Archive for the ‘Working with Vendors’ Category

Always Consider Imperfect Tracking Data

The more marketing strategies a law firm implements, the more difficult it is to determine the success of individual campaigns.  For example, a firm that has strong organic search engine rankings, runs a paid ad program, and utilizes lawyer directory top spots will find it challenging to determine the true source of an “internet client.”

Skilled intake personnel can certainly add a layer of accuracy uncommon is most firms, but lead tracking is never an exact science. There are, however, some mistakes to avoid.  One is using incomplete data to assess ROI.

A short story will illustrate.

A long-time client of mine was recently reviewing dashboard statistics from one of the top 4 lawyer directories.  This included a list of phone calls via a call tracking number as well as emails that came directly from the directory website.  Unfortunately, only a portion of the phone calls included the caller’s name.  My client said, “looking through here, I haven’t gotten anything and want to cancel.”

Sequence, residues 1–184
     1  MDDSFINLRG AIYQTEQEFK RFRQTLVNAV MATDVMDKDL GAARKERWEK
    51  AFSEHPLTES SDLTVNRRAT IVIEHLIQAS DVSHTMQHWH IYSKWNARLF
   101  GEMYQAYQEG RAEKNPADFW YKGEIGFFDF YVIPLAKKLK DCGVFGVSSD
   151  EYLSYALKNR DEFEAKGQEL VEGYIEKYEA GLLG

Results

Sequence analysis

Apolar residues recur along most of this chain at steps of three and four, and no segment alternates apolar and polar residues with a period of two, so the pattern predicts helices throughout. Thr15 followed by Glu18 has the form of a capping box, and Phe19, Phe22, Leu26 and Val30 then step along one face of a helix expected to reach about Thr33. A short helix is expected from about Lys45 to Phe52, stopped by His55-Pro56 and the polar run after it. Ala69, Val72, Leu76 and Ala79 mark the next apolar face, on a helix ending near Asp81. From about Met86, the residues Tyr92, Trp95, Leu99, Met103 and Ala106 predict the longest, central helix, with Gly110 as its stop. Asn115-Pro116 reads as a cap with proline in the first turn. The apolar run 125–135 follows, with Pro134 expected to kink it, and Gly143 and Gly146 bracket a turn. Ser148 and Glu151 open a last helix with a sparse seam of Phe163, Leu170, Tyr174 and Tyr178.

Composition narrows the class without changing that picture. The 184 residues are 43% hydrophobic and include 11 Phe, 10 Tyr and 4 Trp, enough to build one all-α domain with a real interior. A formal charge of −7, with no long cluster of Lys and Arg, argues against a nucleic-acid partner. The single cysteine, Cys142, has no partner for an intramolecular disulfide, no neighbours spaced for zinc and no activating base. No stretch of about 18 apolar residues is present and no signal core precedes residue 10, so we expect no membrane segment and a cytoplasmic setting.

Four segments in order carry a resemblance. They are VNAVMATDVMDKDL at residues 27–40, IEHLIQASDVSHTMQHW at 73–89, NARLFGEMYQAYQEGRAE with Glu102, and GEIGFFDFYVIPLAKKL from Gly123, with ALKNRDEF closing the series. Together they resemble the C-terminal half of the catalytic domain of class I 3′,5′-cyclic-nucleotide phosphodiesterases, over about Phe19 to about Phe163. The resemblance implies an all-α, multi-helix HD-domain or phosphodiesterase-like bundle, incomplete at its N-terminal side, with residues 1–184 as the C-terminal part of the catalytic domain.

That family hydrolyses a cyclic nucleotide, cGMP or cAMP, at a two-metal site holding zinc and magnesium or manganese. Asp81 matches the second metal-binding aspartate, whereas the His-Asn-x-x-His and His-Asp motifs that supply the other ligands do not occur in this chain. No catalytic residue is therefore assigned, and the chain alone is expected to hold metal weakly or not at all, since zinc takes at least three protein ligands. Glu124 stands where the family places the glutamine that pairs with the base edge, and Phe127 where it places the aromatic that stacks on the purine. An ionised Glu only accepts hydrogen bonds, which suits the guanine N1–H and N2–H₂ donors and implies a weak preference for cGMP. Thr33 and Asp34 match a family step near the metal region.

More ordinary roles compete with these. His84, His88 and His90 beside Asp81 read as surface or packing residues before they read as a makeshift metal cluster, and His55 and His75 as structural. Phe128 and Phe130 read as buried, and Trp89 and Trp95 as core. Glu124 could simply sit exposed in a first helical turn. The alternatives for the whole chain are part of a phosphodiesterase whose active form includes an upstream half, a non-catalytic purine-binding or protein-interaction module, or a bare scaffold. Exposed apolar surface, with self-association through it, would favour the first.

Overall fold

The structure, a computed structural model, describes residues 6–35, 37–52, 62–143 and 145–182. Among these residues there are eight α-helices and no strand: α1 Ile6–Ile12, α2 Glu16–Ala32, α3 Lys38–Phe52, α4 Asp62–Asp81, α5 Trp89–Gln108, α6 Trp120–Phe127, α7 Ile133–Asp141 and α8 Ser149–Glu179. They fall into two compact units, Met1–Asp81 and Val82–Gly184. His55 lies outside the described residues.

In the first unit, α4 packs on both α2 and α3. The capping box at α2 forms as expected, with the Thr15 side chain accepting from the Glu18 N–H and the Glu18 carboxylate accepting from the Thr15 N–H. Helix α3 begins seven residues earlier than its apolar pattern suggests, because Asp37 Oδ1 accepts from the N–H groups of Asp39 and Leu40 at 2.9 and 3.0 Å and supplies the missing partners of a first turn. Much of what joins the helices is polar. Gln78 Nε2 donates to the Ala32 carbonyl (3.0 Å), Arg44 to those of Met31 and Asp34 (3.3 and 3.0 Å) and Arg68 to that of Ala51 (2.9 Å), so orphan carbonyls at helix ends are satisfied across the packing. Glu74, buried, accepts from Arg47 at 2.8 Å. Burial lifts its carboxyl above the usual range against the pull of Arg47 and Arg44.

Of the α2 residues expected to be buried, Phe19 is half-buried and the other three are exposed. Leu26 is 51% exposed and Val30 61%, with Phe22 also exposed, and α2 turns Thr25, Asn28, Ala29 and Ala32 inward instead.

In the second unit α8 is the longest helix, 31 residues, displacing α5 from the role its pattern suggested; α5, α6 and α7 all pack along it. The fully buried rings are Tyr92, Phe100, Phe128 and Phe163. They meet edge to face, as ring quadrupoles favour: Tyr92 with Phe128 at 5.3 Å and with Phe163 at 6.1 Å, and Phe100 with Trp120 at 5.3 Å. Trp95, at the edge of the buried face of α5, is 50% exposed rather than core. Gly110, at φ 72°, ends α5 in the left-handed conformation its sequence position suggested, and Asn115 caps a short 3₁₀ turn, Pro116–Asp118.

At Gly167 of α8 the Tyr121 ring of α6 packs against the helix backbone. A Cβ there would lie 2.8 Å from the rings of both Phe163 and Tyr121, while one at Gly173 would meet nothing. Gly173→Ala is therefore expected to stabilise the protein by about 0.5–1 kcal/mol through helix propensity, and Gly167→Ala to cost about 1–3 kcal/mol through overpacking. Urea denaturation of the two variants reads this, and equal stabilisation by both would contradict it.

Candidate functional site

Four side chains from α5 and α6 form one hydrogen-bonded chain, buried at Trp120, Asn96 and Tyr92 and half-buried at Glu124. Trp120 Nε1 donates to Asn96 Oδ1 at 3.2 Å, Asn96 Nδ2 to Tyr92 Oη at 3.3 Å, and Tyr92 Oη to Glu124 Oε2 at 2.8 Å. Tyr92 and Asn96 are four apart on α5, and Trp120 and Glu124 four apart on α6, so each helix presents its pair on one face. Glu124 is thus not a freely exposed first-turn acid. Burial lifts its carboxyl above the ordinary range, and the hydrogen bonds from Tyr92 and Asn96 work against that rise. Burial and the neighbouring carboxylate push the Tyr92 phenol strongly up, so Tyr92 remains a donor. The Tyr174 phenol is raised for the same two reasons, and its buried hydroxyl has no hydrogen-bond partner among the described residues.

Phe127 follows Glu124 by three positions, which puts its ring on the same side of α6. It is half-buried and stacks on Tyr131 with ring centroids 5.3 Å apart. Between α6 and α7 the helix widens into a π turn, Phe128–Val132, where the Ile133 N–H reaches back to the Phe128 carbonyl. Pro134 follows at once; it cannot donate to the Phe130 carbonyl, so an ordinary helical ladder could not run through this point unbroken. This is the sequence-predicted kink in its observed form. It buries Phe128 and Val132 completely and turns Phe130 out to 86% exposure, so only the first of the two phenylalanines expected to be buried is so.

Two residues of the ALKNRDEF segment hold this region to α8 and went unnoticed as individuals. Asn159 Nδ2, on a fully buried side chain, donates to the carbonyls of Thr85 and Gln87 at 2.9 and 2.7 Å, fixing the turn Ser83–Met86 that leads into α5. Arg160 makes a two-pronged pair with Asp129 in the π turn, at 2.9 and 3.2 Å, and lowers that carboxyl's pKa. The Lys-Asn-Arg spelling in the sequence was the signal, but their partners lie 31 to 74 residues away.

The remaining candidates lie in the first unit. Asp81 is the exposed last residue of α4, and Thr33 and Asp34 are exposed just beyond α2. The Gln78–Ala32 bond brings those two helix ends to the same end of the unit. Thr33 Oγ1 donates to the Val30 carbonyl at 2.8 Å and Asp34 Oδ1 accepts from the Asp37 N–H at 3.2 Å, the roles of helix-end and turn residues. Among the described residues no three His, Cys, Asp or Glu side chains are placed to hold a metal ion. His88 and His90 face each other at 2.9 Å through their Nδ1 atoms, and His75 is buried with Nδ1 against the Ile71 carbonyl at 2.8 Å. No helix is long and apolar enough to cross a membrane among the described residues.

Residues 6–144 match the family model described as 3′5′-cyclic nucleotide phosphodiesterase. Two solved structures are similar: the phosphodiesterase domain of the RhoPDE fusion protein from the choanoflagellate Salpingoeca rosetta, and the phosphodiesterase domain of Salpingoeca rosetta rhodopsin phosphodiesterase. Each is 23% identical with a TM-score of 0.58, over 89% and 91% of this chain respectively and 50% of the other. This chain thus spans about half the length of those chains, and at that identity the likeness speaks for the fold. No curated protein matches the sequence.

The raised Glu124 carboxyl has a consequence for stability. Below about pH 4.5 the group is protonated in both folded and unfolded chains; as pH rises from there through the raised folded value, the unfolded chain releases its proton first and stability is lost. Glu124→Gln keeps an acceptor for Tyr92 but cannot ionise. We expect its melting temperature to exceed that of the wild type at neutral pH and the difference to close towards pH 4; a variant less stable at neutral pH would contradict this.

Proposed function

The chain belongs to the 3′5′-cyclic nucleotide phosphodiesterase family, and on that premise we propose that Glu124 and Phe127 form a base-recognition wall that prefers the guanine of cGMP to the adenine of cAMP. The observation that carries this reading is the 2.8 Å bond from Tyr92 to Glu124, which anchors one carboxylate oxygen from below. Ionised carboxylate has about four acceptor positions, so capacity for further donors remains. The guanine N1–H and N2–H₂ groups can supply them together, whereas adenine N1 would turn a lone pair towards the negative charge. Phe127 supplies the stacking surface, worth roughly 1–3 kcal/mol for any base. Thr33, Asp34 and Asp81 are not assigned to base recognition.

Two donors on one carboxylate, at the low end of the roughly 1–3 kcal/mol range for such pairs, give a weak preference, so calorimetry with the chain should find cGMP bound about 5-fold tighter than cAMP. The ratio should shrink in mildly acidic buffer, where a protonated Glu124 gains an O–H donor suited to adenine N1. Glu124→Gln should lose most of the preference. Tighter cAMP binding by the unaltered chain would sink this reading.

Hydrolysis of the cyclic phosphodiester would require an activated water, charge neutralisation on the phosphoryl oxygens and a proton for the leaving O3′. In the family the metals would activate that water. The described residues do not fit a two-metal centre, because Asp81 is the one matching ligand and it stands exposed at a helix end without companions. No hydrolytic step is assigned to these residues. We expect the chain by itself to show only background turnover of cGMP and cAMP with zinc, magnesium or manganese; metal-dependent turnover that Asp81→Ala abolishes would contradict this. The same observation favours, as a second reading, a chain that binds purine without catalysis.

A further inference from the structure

His analysis missed the mark in two ways.  First, he did not consider that the calls without identification info could have produced a client.  More importantly however, he failed to consider the hundreds of visitors that the vendor’s directory was sending to his website, a number we could verify independently through Google Analytics.  i.e. a potential client who started on the vendor’s website but ended up calling from the firm’s website would not be included in the vendor’s caller data.  (The number of visitors in this case was 1,200+ for the year… very significant.)

Rather than assume a program is under-performing based on some data, it’s important to recognize where tracking tools fall short.  In this instance, the client was receiving a high enough volume of visitors from the third party web property to conclude that some would result in new clients for the firm.


Evaluating Law Firm Marketing Vendors

A vendor for one of my clients recently told my client that I really didn’t know anything about their product.  They provide Google Adwords management services for consumer bankruptcy law firms.